While there are not many screen-reading tools up to the standards of VoiceOver, if you intend to design a similar app, it is not a smart approach to design your app from scratch. Instead, you can incorporate the use of VoiceOver in the core functionality of your app.

Voice synthesizer feedback

VoiceOver is a screen reader, but you can also use it as a voice synthesizer. The concept of voice synthesis is used mostly in voice-controlled apps as it makes navigation easier for the blind. Navigation needs to be accessible for the blind community as it restricts their independence. That is why an app for the visually impaired needs to work as a GPS solution for them.

A worthy example of navigation apps is Blindsquare. This app uses the concept of high-quality speech synthesis and allows users to search for places using voice commands and get directions accordingly. For example, an important issue blind people face is to cross streets unassisted, and if you intend to incorporate such a feature in your mobile app then it would eliminate many barriers of dependency for them.

People with learning disabilities

An estimate of 15-20% of the world’s population has a learning disability that ranges from spelling, to writing, to reading. Apple devices have built-in features that make accessibility in reading and writing easier, and in turn, help people of every age cope with these difficulties.

Accessibility in reading and writing

For people with dyslexia, even the simplest reading and writing tasks can become difficult. The improvements in smartphone technology have introduced many assistive tools and apps that make learning easier for dyslexic people, and Apple devices have features supporting many problems that dyslexic people face.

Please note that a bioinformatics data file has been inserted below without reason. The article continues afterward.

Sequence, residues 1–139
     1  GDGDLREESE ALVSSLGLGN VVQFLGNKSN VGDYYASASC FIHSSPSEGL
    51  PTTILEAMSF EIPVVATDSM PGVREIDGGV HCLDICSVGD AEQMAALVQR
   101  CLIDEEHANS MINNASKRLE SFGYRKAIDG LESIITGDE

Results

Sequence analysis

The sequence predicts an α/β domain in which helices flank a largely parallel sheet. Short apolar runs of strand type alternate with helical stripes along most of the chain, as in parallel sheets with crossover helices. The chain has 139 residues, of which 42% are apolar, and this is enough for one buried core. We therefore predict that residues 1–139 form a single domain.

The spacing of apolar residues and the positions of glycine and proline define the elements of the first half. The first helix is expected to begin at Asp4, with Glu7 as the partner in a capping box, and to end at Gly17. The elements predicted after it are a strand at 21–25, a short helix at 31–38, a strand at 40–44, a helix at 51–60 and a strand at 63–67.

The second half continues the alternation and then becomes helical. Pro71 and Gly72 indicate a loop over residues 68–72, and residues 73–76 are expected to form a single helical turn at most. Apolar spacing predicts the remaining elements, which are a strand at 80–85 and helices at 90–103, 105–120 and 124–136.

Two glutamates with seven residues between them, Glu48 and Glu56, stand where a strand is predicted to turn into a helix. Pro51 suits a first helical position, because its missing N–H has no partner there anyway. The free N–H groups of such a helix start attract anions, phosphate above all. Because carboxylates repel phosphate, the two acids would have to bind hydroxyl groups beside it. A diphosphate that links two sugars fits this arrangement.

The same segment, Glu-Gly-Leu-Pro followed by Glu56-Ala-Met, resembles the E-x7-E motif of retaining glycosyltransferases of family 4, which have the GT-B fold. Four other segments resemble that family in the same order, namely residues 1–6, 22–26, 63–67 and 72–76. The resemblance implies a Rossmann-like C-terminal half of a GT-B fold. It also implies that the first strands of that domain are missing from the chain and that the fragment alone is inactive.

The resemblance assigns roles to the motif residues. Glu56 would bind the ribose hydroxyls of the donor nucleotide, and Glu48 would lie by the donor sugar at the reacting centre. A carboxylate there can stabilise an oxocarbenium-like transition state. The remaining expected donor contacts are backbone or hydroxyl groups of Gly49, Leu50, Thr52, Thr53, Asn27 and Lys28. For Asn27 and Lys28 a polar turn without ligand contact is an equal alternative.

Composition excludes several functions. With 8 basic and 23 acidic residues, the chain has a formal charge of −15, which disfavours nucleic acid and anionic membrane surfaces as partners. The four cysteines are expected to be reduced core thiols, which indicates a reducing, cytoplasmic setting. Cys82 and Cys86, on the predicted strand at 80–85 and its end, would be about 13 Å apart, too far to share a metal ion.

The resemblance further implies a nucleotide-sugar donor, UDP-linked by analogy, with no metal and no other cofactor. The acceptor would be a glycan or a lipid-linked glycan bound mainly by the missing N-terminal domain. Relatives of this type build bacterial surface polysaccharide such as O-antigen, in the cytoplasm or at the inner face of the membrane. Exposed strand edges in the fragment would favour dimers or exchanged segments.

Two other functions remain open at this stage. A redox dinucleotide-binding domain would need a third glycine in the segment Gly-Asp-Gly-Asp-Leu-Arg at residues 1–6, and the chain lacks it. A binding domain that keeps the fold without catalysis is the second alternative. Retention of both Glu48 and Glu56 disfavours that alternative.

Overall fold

Siri, an intelligent user assistant, is a great feature of iOS to learn how to spell words correctly. Speak Selection highlights words for you to follow and read along, and VoiceOver works as a screen reader but is also a great tool for converting text-to-speech that in turn allows you to speak and pronounce better. There is also a font called OpenDyslexic that improves readability issues.

Color and design formatting

Display options in mobile apps play a significant role in making apps easy to access. Complex layouts and interfaces make it difficult for people with reading disabilities, and the interface of an app dedicated to them needs to have dark colored text, suitable contrast, and lighting options. The app interface should not be bloated with unnecessary text, and it is important to highlight significant details.

iOS is an ideal platform for people with reading impairments as the interface of iOS devices is compact and allows users to select fonts and spacing according to their preferences. Apple’s guidelines for designing user interfaces have made it easier for developers to understand the usability of mobile apps. Many factors are involved to accommodate the difficulties people with learning disabilities face, but designing apps keeping assistive technology in mind is a great approach to simplify their learning capabilities.

Conclusion

Accessibility is no longer seen as a bonus feature; instead, it is now a core requisite to an app’s success.

Apple is playing a leading role in rendering great changes in the way people perceive accessibility and has incorporated assistive features for the differently abled to benefit from modern day technology to its full potential. As an industry, we’ve made a lot of improvements, but we still have a long way to go.

About Gerry Wilson

Gerry Wilson is a writer and a professional mobile app developer. He transforms complex ideas into innovative approaches for app development. His user-friendly visuals are based on the creative approaches that improve the digital marketing campaigns for brand awareness.
View all posts by Gerry Wilson >